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Nathan Agin

You’ve finished your book, and you’re a smart, savvy author who wants to take advantage of the exploding audiobook market — great idea!

Now while many nonfiction authors consider narrating their own book, working with a professional narrator can often be the best approach. Narrators bring a number of skills, not only in the performance of your book (yes, even in nonfiction!), but also in the technical requirements needed to produce a quality product.

For most authors, your time is much better spent marketing your book and writing your next book vs. taking on a whole new career of learning how to narrate, edit, and produce an audiobook.

But how do you proceed? Which contract should you choose? Which one will be the best for you long-term and will yield you the most money?

Let’s dive into the first (and often best!) contract type with narrators…
Pay for Production

This is a “work-for hire” contract, where the narrator is paid “per finished hour” (PFH) of audio, based on the length of the completed audiobook multiplied by the agreed upon rate. A professional narrator will usually quote you $250-$350 PFH.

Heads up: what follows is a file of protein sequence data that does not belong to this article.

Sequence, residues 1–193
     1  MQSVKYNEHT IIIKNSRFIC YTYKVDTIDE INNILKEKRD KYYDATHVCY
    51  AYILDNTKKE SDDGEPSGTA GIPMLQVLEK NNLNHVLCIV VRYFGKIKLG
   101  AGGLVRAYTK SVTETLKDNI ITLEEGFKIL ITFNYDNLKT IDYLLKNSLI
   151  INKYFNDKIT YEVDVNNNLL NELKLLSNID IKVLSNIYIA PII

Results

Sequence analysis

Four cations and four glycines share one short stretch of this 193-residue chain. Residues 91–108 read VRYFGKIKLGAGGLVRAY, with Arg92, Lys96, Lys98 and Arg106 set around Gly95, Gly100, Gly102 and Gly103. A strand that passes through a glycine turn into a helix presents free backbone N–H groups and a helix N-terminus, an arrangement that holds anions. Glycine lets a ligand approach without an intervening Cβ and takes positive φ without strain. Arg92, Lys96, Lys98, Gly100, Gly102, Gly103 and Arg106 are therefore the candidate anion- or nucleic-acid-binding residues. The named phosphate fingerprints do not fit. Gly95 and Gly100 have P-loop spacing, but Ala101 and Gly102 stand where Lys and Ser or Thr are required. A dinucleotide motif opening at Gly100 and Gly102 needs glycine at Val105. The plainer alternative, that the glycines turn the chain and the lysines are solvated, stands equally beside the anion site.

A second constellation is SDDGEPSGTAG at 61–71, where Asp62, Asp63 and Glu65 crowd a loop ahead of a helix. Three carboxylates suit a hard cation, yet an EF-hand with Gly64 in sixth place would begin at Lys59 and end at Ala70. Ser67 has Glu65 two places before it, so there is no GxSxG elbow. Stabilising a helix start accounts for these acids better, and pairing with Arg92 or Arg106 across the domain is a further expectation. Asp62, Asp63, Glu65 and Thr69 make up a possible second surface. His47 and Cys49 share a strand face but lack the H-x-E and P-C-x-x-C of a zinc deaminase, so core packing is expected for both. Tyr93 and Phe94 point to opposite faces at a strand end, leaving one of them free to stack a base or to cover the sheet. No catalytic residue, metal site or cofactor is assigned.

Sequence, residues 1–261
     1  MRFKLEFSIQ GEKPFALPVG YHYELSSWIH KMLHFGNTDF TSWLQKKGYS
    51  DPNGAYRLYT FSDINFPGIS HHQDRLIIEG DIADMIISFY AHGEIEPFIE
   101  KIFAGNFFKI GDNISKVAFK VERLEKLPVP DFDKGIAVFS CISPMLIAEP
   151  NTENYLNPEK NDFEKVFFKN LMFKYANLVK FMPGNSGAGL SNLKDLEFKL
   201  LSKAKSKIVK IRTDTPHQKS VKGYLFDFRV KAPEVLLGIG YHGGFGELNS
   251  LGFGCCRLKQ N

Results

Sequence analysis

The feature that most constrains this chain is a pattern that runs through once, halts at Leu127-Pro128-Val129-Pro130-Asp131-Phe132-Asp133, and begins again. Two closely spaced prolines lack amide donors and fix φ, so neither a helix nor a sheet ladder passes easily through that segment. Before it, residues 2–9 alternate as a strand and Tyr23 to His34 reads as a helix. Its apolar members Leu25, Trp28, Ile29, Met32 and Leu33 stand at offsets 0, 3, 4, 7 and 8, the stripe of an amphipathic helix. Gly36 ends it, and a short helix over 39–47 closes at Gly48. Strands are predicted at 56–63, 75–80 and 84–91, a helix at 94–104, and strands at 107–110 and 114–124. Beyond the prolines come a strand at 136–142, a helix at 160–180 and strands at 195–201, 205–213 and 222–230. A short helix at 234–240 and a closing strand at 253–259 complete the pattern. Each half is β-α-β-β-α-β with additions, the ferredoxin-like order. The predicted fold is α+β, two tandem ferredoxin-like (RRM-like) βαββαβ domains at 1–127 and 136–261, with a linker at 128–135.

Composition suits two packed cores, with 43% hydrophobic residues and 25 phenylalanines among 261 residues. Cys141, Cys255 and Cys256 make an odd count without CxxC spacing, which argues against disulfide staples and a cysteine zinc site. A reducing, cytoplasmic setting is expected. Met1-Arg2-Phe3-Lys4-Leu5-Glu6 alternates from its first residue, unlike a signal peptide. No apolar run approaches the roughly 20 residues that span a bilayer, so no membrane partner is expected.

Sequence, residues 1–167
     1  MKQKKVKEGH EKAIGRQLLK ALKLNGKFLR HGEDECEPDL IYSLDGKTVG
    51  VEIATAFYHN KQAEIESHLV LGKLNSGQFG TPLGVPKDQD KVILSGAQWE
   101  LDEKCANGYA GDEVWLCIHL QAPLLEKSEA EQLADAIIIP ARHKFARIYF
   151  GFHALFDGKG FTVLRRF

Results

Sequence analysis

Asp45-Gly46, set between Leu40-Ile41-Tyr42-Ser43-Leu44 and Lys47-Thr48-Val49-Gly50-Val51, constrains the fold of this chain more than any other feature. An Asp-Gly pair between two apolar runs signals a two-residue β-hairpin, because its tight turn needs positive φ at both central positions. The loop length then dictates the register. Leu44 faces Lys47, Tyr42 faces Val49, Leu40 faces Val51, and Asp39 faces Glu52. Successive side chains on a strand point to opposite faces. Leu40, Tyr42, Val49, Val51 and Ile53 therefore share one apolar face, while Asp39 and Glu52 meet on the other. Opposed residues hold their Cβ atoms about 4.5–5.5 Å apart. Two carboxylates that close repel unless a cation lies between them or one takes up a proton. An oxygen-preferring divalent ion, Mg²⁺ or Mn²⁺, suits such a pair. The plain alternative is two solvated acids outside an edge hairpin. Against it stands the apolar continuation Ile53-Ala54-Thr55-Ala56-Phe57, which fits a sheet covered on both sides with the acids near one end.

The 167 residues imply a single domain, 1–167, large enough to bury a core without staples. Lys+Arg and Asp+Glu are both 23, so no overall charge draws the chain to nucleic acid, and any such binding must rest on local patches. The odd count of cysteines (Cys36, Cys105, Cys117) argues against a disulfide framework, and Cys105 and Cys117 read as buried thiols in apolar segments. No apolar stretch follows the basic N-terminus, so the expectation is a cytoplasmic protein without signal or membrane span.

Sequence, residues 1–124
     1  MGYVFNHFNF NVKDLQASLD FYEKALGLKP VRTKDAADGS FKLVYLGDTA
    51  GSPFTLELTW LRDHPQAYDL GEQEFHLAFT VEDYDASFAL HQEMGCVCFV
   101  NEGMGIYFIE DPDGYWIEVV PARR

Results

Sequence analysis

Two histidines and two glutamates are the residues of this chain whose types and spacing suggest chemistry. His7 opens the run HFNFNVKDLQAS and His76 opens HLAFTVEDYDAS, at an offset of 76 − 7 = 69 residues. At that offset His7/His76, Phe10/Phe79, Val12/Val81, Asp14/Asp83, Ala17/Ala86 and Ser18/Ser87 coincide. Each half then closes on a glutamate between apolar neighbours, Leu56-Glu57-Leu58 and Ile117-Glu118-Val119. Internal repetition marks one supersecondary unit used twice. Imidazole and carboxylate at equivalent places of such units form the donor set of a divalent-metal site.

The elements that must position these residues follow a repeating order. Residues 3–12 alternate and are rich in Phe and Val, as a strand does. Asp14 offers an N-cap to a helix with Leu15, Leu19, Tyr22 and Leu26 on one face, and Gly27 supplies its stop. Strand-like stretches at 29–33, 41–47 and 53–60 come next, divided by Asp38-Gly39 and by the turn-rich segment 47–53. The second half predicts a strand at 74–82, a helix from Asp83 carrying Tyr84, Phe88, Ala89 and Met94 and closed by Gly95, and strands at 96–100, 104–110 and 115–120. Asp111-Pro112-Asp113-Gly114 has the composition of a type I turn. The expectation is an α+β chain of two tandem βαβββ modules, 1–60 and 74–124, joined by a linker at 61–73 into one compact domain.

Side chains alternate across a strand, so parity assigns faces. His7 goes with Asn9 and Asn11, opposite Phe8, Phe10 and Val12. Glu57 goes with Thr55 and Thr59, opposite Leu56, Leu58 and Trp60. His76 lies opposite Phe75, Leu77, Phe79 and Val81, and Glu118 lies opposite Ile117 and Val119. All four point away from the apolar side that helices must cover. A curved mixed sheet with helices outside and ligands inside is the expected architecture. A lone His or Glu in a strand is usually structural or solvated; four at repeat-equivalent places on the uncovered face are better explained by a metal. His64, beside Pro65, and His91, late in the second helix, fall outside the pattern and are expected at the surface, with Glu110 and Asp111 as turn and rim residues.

While the final audio amount is primarily based on the word count, there’s also a narrator’s speed to consider. Just as no two people speak exactly the same way, no two narrators will be the same. Generally, you can expect a narrator to speak at 8000-9000 words per hour. Even knowing the narrator’s speed, the book may end up shorter or longer, depending on the content and what might need to be trimmed, further explained, or removed.

This type of agreement is used by nearly all professional narrators and is best if you want to collect all future royalties and sales of the audiobook. There’s nothing to share with the narrator after production is done.

While more “budget-friendly” options exist, I would strongly encourage authors to find a way to afford a Pay for Production contract, as it is truly a “win-win” for both parties. If needed, crowdsourcing with IndieGogo or Patreon (from family, friends, and even fans of your work) can be a great way to raise the capital needed.